Family comfort food

I have been eating this particular meal for as long as I can remember. My grandmother made it, my mother made it, even my husband makes it sometimes. It is warm and comforting, as well as filling.

Sheppard's Pie. Or Pate Chinoix.

I'm always surprised when I see this on restaurant menus, and I scoff at the premade frozen versions you see in the grocery store. First of all, it is fairly easy to make. Second of all, it uses wierd vegetables in it!

I don't know if this is authentic, or just because my grandfather is a corn freak, but I've always had it with creamed corn as the vegetable layer only. (Oh and the grandfather part? It is true - as a child in school, he used to trade away his desserts for other kids bowls of cream corn. If you make it when he is at dinner, make one portion entirely for him and an equal amount for everyone else!)

So for those who don't know how to make it, it really is simple:

Start by putting some potatoes on. You are making mashed potatoes. So if you like yours with the skins, leav'em on! If you don't like the skins, peel'em off! I like lots of potatoes in mine, the non-skinned, really creamy kind.

While the potatoes are cooking, brown up some ground beef. Anywhere between 1 1/3 pound and two, depending on how hungry you are, how many people will be eating it. Got a huge crowd? Brown up enough for two pans.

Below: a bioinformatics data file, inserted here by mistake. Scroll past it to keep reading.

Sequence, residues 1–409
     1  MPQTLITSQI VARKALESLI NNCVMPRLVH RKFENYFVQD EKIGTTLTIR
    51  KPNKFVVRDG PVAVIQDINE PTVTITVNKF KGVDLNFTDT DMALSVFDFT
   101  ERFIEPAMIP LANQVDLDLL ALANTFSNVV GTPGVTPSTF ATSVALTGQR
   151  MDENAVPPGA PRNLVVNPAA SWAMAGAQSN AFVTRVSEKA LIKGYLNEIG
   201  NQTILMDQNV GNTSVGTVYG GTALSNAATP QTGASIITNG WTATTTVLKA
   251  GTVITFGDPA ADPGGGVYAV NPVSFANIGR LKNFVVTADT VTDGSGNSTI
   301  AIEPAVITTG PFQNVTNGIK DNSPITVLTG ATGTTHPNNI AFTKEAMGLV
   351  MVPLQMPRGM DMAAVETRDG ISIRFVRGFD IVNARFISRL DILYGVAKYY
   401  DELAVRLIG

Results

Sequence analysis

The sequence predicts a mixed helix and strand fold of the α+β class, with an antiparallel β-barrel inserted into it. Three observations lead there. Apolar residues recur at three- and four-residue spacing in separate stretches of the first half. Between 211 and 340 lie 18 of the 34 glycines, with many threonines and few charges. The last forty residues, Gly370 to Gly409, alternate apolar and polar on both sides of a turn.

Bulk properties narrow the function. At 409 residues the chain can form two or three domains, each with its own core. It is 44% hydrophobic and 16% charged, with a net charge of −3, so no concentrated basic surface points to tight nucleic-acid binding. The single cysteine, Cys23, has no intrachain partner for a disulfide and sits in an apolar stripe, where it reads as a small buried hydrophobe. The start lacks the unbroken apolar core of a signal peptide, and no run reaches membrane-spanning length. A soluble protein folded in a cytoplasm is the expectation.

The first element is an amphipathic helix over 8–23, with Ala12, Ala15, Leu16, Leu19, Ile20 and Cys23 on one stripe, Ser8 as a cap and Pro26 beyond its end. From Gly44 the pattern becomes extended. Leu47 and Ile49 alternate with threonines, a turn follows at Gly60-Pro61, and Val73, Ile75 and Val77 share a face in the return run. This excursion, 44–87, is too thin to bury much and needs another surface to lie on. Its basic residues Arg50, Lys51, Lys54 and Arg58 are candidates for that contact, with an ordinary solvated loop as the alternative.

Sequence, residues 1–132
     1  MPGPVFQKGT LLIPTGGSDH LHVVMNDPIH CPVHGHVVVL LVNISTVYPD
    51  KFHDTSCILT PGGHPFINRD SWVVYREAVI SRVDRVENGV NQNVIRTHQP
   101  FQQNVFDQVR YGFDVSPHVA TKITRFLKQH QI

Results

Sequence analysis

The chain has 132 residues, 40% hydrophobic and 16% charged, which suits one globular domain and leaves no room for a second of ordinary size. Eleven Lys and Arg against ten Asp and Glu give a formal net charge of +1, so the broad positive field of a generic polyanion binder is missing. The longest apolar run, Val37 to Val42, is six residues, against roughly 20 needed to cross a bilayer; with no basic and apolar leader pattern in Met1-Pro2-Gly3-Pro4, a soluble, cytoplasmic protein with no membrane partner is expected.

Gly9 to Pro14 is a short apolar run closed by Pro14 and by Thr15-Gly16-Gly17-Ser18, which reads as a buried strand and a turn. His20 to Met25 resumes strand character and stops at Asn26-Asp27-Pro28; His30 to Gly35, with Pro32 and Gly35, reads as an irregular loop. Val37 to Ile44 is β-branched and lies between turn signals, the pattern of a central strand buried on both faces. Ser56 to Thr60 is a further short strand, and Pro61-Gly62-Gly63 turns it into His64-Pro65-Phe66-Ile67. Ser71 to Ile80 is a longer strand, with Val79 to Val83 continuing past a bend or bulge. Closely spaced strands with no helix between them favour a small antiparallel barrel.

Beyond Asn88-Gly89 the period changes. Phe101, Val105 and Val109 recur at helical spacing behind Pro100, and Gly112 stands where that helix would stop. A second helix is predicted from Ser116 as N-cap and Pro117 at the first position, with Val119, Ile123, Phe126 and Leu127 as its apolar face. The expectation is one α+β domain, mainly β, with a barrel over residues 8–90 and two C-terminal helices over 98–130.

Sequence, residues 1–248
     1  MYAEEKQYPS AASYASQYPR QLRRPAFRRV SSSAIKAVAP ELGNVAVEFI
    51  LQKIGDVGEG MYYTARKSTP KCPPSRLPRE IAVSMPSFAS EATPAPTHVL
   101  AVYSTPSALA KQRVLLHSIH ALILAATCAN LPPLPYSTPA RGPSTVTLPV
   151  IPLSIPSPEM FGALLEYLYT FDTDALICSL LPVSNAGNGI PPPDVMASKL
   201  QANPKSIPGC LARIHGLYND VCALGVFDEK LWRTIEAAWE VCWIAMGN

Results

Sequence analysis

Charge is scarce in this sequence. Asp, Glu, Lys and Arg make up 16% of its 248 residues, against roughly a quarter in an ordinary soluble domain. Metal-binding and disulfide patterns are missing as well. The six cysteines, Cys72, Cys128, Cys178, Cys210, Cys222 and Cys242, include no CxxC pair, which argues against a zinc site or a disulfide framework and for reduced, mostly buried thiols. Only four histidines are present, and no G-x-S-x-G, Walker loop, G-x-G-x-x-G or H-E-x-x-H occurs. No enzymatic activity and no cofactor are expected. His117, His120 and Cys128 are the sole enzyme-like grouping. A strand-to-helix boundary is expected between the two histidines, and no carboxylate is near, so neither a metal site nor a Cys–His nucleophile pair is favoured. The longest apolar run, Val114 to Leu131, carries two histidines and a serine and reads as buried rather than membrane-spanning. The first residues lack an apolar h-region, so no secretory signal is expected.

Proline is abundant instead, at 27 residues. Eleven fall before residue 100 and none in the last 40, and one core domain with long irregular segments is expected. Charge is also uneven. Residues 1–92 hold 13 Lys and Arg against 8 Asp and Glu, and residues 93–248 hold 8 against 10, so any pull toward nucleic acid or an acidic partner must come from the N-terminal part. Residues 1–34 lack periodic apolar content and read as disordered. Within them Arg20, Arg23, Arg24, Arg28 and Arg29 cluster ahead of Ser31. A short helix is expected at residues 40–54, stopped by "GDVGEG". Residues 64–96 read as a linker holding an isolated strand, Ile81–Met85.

When the beef is almost done, add in some chopped onion, chopped garlic, a few dashes of Tabasco sauce and a few dashes of Worchestershire sauce. I don't know if my mother or grandmother do that, but we've found we like the added flavor it provides.

Drain the fat out and add the beef to the bottom of an oven proof casseroll dish. I like Corningware.

Top the meat with canned creamed corn, how much depending on the size of your dish and how much beef you have. I like a good layer, solid, covering the beef completly, but not so thick that you are eating creamed corn with a bit of beef. Drop a few spots of butter on that corn, and if you want, add a bit of salt and pepper to the layer.

By now your potatoes should be ready and mashed. So scoop them up and drop them on top of the corn. You want a solid layer, completely covering the corn, but, and this is important, do not push the potatoes down to compact them! Tonight I used one of my cookie scoops to put the potatoes on, then used a fork to smooth them out so there weren't any gaps.

Add a bit more butter to the top of the potatoes, spreading around the little bits so that when they melt they cover as much of the top as possible. Then I like to sprinkle it with paprika, which makes it look pretty and adds a very subtle touch to the flavor.

Bake the entire thing in a 350F oven until the tops looks golden, and you can see bubbles of corn juice trying to break through the sides of the potatoes.

Last really important step. Really important.

Let it sit for about 10 minutes!

Not only does this let it cool down a bit so you don't scorch your mouth, but it also lets the corn juices meld back in so you don't end up with a soggy sheppards pie! (I admit, sometimes my family can't wait and we eat it right away anyways with no complaints.)

This keeps very well as left overs, if there are any, and also freezes fairly well for longer storage.

Happy comfort eating!

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